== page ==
1. The fundamental nature of the legal conflict, the public policy issues

involved and what the law should be.

This situation presents a conflict between an individual property owner’s right to express his opinion, even in an unconventional way, versus society’s interest in an aesthetically pleasing built environment free from bizarre and jarring artifacts. On the one hand society should protect “the right to be different” and allow people to use their own property as they see fit so long as it does not affect other people’s health, safety (and perhaps welfare or morals). The more we let majority opinion govern how people may use their property the less free our society becomes. We stifle individuality, creativity, and the clash of competing points of view. Political discourse is often jarring. Unpopular points of view by their very nature are upsetting to some people.

Use two different interpretative styles to analyze the case:

Using  Originalist review……

Using Pragmatic review ……

  1. Act as judge and make your own decision citing the law and facts which you find persuasive.

If I am the judge on the case I would rule … uphold the ordinance because ……..  Even though Boffo’s sculptures may be jarring and offensive the overriding value of protecting individual freedom must take precedence here. The ordinance should be struck down.

General Requirements

Content and Length

  • Focused, specific, well-organized information, sound reasoning, and evidence used to support a claim
  • Adequate development and coverage
  • Length: 8-12 typed pages (8 pages is about 2000 words)
  • Minimum: 3,000 words-It is highly unlikely that a paper of this length will get a high grade.
  • Title page or bibliography do not count toward the page or word requirement.
  • The paper is to be in 12 pt Times New Roman font, double spaced with 1 inch margins. Use of larger type, spacing or margins to stretch your paper will receive a 50 % grade deduction.
  • A Bibliography must be included with the final paper submission.
  • You are to use footnote OR endnote reference style. Parenthetical citation format is NOT acceptable. You are to use Chicago style citations.  The Chicago style manual is available for free on the web at    The Writing Center webpage has tutorials on citation formatting.
  • Footnotes/endnotes do not count toward the word requirement. Properly inserted footnotes or endnotes can be deleted from word count function in word processing programs. Be sure you properly insert footnotes or endnotes to avoid a word/length issue with your paper.   All word processing programs have free tutorials on the web.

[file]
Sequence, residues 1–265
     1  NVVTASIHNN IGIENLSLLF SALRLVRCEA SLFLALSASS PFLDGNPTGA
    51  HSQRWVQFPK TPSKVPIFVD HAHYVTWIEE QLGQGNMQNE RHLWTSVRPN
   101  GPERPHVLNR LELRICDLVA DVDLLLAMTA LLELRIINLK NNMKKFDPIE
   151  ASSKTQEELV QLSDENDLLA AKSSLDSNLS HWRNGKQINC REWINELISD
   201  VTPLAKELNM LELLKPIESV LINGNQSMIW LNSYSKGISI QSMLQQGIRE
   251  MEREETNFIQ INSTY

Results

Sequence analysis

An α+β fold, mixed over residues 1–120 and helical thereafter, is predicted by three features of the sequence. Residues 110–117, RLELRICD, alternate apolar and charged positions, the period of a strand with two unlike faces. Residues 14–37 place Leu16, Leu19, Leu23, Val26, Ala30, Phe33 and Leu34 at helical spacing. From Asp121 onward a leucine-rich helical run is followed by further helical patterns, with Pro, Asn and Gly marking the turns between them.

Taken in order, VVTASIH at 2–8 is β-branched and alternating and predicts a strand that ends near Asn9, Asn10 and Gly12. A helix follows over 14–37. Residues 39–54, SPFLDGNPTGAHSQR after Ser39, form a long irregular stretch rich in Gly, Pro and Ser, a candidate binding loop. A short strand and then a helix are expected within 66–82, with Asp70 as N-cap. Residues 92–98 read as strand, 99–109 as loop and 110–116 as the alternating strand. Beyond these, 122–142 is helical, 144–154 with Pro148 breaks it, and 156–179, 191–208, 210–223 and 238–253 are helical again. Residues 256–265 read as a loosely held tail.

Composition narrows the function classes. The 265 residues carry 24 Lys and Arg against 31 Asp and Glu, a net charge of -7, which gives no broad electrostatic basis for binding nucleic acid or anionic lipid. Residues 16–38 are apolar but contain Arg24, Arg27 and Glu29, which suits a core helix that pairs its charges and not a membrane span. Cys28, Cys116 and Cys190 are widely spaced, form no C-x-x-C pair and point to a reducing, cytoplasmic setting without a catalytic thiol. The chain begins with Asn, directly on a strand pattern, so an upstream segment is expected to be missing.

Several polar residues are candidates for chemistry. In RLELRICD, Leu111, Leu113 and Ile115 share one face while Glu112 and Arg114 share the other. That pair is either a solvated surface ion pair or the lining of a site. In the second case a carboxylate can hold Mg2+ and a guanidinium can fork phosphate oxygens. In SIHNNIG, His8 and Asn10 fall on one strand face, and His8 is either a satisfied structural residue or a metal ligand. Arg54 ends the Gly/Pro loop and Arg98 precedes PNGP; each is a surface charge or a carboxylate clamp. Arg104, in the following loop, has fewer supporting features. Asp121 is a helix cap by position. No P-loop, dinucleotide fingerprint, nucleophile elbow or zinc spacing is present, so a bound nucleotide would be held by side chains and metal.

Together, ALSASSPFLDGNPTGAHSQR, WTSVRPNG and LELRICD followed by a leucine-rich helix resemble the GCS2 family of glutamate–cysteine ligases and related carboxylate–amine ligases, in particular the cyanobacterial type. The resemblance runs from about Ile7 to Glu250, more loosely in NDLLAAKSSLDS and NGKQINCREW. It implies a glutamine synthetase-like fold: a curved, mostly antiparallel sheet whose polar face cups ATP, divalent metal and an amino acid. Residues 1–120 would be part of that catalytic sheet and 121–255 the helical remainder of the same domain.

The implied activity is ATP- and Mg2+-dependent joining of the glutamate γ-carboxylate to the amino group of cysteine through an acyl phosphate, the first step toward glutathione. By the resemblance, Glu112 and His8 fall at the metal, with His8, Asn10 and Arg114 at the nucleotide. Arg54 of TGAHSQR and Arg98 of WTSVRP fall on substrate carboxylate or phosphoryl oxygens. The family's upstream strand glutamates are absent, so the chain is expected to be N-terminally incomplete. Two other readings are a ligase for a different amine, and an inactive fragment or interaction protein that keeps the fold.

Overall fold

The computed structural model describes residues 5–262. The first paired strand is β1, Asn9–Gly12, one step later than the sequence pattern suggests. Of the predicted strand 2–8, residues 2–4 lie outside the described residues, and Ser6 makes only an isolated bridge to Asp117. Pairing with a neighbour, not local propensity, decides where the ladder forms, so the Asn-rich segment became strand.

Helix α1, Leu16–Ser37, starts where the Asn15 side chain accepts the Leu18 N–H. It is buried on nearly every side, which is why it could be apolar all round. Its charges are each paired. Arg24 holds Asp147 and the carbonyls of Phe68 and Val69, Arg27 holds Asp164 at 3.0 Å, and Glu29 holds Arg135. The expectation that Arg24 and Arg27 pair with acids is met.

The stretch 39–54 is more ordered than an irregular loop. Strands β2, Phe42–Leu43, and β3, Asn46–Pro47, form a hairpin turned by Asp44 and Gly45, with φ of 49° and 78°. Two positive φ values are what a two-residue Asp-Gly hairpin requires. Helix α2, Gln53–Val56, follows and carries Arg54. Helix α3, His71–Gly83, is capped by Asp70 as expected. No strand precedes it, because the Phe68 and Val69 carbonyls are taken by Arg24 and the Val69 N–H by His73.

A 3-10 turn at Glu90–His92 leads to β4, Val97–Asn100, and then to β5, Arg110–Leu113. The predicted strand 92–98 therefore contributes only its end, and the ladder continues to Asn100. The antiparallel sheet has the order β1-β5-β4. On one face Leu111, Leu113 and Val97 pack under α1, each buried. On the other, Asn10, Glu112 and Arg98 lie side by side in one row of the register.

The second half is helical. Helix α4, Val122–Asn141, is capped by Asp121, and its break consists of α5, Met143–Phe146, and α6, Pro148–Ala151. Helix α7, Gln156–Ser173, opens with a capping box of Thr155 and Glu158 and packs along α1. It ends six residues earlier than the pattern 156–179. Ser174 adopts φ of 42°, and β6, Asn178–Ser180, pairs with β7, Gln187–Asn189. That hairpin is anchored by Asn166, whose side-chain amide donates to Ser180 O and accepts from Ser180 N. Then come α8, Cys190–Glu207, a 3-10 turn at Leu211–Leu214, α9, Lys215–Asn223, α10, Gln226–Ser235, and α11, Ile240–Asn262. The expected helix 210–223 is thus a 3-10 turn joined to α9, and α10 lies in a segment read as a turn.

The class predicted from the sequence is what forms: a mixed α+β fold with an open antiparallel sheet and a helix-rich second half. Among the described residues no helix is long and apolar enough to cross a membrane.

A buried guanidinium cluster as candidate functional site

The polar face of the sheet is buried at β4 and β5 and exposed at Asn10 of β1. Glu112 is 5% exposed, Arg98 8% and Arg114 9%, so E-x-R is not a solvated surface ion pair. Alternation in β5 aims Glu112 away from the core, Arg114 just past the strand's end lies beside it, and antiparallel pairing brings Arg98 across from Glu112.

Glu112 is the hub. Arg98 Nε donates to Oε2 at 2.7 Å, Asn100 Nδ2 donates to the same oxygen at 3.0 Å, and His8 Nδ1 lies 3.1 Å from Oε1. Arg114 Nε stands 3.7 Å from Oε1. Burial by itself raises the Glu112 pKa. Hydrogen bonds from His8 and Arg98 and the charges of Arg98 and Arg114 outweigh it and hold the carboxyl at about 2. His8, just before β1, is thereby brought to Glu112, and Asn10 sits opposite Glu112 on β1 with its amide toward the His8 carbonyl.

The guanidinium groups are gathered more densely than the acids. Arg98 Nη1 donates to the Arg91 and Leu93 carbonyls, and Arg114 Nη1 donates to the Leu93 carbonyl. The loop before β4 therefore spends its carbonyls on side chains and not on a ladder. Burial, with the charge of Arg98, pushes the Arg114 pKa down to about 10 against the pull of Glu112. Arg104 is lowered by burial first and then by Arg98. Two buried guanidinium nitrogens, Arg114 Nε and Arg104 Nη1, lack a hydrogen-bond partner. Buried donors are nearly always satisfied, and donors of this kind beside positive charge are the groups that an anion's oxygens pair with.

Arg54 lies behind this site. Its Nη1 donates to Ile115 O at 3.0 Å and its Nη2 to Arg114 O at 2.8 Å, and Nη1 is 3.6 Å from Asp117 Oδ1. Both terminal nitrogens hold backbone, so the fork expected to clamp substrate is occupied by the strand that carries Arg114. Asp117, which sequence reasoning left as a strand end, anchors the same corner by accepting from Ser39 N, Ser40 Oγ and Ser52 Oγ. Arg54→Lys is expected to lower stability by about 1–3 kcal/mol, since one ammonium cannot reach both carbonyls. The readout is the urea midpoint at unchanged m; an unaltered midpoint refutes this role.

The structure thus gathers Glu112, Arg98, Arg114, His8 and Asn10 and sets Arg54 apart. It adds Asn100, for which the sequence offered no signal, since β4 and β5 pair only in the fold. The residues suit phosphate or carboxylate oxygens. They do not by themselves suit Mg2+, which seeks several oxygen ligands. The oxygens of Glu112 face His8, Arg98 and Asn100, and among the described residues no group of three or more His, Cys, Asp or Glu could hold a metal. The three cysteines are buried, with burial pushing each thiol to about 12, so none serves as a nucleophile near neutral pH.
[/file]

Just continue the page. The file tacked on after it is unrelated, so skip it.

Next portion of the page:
• Minimum of 7 cases cited in paper by footnote/endnote
  • You may also use a variety of government, scholarly or reputable news sources. See source suggestions and requirements below.   If you are unsure if the source qualifies, speak to me.
  • Citation by Chicago style manual.
  • Correct Bibliography must be submitted with your final paper.


You must submit the final draft of your paper through Blackboard under Semester Project submission and it must be reviewed by TurnItIn.  When you submit your paper through the assignment listed on Blackboard  TurnItIn will automatically review your paper.  TurnItIn only accepts Word or pdf format.  If you do not know how to use TurnItIn see the tutorials on Blackboard. DO NOT submit your paper through

Source Suggestions

  • It is best to keep a detailed bibliographic record from the beginning of your research. Note: You may find Zotero or other available citation source helpful.  See
  • Also, begin to keep a record (note cards, note pages, notebook) of information you find and its location in a specific source as soon as you begin reading about your topic.

Source Requirements

  • Use Internet sources only if you can prove the credibility of the source. [This refers to sources written for and found only on the Internet, not to copies of articles appearing in print and presented on a publication web site or to official government websites.]
  • Your major sources should be SCOTUS case law.
  • If you use sources other than case law. Do not rely on only one type of source for your information. Minimize use of newspapers and popular periodicals. Look for scholarly journals and books (helpful for background analysis), government documents, speeches, and interviews.
  • Wikipedia, encyclopedia, or other general reference work do not count as a source. Chat rooms and article comments do not count as sources.
  • Do not rely on only one or two sources for the majority of your information. For example, do not use three sources for 90 percent of the information in your paper and then add one-sentence notes from three other sources just to meet the requirement.
  • Different cases, or articles from on-line symposiums or government agencies/officials count as separate sources if they offer differing viewpoints.

What to consider in evaluating your non-SCOTUS case law sources:

  • Publisher:

Government sources, major publishing houses, university presses, recognized news services

date (relevance and timeliness)

acknowledged or observable bias of entire publication

  • Author:

qualifications and related experience

prior publications

acknowledged or observable bias

  • Content:

primary or secondary source?

types of evidence presented: statistical, factual, expert opinions, personal opinions, logically explained and supported arguments, examples, illustrations.

  • Audience: intended audience and its special interests or objectivity.
  • Evaluating Internet sources: Besides the above information,
  • look at the website address for hints. (gov = government, org = organization, edu = educational institution)
  • look at links, bibliography, any source information offered.
  • look at the quality of presentation & do not use chat rooms as sources.